In fact, taking Cleave’s argument to its logical conclusion, the only way blogs could serve themselves financially in this manner is by posting rave reviews – preferably of best-selling titles. In which case an over-the-top positive review should be the subject of much more suspicion, than a mixed or negative review. Depressing for all us writers, but there you go. And I suspect there is some truth in this. Writers continually criticise blogs for any negativity (see Susan Hill’s comments in Fox and the City above, with which I strongly disagree) but never seem to call them to task for positivity – and yet thoughtless uncritical cheerleading can be as detrimental to good reviewing as casual meanness. The rise of the ubiquitous blog tour, in my view, is a much more dodgy affair in terms of impartiality and what it does to ideas of good reviewing – being little more than free advertising for publishers with very little critical questioning.

    In my experience, voluntary lit blogs generally tend towards the positive than negative in their reviews, due to the fact that, because it is voluntary, most reviewers are simply unlikely to give up their spare time to stick with a book that they dislike. But this is not necessarily a good thing. If you hold any kind of value for reviewing and good criticism in general (as opposed to just publicity or the much vaunted “word of mouth”) there must be negative reviews as well as positive ones. As it is, VL tends more towards the latter than the former, which could even be seen as a failing.

    Bloggers are all sorts of different people with lots of different attitudes, negotiating similar issues and questions in different ways. On VL we are nothing like some of the larger operations, nor are we just an interested individual. We don’t all have the same attitudes between us and constantly thrash out what we think about things behind the scenes…which, I admit, is one of the things I love about this site. We don’t pretend to know the answers to all the questions posed in this article or all the articles Moira has linked to. Indeed, we have opened the issues up for our readers to consider themselves by writing about many of these issues ourselves. Unlike many newspapers – we don’t pretend that complete impartiality can be achieved, and – again, unlike newspapers – we declare it openly when we review work by people we know.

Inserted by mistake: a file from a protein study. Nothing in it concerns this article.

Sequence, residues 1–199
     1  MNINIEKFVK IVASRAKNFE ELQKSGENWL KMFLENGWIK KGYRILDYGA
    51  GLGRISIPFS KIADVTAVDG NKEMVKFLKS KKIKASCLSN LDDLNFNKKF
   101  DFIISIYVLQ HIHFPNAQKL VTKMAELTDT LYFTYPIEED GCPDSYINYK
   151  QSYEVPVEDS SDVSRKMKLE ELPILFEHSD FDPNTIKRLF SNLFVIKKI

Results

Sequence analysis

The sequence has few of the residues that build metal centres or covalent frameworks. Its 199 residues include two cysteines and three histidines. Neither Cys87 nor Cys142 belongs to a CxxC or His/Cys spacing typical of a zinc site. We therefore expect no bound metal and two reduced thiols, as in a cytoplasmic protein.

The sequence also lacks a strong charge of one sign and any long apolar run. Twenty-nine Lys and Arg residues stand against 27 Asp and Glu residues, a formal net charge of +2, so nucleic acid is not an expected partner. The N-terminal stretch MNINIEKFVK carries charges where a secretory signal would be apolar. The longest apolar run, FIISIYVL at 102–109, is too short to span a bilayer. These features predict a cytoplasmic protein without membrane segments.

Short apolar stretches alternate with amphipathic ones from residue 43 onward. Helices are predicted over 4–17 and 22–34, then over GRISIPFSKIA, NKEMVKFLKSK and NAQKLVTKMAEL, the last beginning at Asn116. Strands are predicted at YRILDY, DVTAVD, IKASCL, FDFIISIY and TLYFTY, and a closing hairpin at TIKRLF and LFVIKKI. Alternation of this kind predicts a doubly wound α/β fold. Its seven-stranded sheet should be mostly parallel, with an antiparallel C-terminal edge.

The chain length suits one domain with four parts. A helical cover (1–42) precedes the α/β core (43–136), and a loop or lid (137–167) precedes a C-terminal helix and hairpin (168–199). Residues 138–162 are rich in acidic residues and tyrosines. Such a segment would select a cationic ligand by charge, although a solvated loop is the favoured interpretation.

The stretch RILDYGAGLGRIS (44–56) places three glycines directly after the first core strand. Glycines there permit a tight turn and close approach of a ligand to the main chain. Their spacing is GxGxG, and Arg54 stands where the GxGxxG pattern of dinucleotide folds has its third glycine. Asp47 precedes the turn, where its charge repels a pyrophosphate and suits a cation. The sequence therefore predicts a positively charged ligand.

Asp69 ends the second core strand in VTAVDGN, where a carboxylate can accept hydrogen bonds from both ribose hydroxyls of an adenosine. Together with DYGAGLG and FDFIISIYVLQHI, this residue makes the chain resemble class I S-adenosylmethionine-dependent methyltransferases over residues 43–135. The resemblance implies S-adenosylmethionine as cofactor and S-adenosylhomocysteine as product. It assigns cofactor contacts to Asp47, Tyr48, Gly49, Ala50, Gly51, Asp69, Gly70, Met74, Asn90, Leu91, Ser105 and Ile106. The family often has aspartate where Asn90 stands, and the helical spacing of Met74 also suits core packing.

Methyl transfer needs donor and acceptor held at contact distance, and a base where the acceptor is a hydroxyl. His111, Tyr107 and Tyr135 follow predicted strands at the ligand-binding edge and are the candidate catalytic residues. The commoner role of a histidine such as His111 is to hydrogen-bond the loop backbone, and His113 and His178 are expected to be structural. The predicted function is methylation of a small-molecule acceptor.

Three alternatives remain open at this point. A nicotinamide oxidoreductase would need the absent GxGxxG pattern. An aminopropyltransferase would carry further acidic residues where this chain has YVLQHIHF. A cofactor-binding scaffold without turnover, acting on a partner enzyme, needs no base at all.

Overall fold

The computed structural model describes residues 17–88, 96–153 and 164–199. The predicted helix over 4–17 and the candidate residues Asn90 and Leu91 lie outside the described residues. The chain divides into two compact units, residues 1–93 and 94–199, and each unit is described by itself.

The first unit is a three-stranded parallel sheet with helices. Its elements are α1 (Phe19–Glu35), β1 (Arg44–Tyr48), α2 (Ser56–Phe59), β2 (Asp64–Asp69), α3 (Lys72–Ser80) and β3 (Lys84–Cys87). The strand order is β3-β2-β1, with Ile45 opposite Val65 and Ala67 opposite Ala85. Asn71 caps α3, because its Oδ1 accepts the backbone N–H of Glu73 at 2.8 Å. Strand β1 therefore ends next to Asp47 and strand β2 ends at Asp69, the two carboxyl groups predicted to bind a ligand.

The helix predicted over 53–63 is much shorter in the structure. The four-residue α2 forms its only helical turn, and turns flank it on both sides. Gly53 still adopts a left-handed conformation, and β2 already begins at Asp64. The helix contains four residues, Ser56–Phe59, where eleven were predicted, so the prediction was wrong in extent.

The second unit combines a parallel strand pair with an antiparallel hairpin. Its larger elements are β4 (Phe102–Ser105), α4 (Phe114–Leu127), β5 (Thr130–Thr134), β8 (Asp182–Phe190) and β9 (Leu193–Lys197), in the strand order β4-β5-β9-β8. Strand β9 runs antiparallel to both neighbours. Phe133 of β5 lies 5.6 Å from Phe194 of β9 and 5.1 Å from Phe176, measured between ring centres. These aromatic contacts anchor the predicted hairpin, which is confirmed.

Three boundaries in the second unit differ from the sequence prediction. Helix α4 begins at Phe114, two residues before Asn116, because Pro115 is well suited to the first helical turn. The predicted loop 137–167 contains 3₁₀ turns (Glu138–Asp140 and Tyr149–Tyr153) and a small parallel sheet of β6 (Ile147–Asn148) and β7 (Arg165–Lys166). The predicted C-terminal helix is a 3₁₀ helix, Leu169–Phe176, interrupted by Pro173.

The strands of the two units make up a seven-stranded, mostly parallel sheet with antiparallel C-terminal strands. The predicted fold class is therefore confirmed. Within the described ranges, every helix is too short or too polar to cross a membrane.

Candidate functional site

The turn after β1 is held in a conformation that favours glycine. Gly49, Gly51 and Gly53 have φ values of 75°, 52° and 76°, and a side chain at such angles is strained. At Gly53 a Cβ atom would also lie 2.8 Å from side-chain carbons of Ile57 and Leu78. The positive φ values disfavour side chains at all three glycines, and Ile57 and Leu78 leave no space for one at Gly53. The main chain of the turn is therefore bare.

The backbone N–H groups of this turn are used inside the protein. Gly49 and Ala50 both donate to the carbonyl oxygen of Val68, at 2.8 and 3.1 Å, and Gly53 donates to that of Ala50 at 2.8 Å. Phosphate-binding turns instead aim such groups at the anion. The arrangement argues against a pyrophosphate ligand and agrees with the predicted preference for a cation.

I wonder why Cleave doesn’t question the impartially of newspapers here. I would never dream of suggesting that any reviews he got – even though he might work for the same paper – were not rigorously impartial – but I think there is an interesting point raised by one of the commenters on Cleave’s article that getting a review in a broadsheet in itself is like golddust these days and simply unavailable to many writers. I think a lot of writers that work as journalists are perhaps unaware of this.

    That is one thing that VL has tried to do – consider books that many other blogs and papers don’t consider – whether self-published, esoteric, specialist or completely out of print. This is because we are deeply strange and rather eccentric. But we do give people an opportunity that many other outlets do not. But we give a proper chance – and we declare upfront to anyone seeking a review that we cannot guarantee a positive review, nor any review.

    On a lighter note, I was put in mind of this article I wrote a while ago after a writer took on the mighty Scott Pack and the ensuing furore. I had a lot of sympathy with the writer at the time as he was a rather lovely guy who just lost his cool for a second and I imagined myself very easily in the same boat – after all, nobody likes to be criticised. But then, as the following piece concludes, neither do reviewers – they have egos too. 😉

    https://vulpeslibris.wordpress.com/2009/03/03/the-tuesday-alternative-reviewing-and-being-reviewed/

  6. Simon T
    February 22, 2011

    I was at the event, and don’t warrant a mention at all…! I rather thought he might be referring to your review, so I went back and read – seems fairly even-handed to me! But, then, I haven’t read the novel. Oh, and the speed dating was much less painful than it sounded!

  7. elizabethashworth
    February 22, 2011

    If all these reviews and comments were put together to create a novel I think I would give it a very positive review. Thanks for a very entertaining hour – though now I’m wondering if Anne is actually moving house in an attempt to avoid the hate mail. 😉

  8. Edward Champion
    February 23, 2011

    I must confess that Chris Cleave’s mean-spirited and bitchy little article infuriated the hell out of me. And I’m both stunned and humbled by how well you folks across the pond are taking it.

    Maybe I’m bothered because I spent a portion of the day talking with an author who is extremely successful, who didn’t HAVE to give me the time of day but who did, and who was patient, gentlemanly, and genuinely curious even when my questions and remarks weren’t always top notch.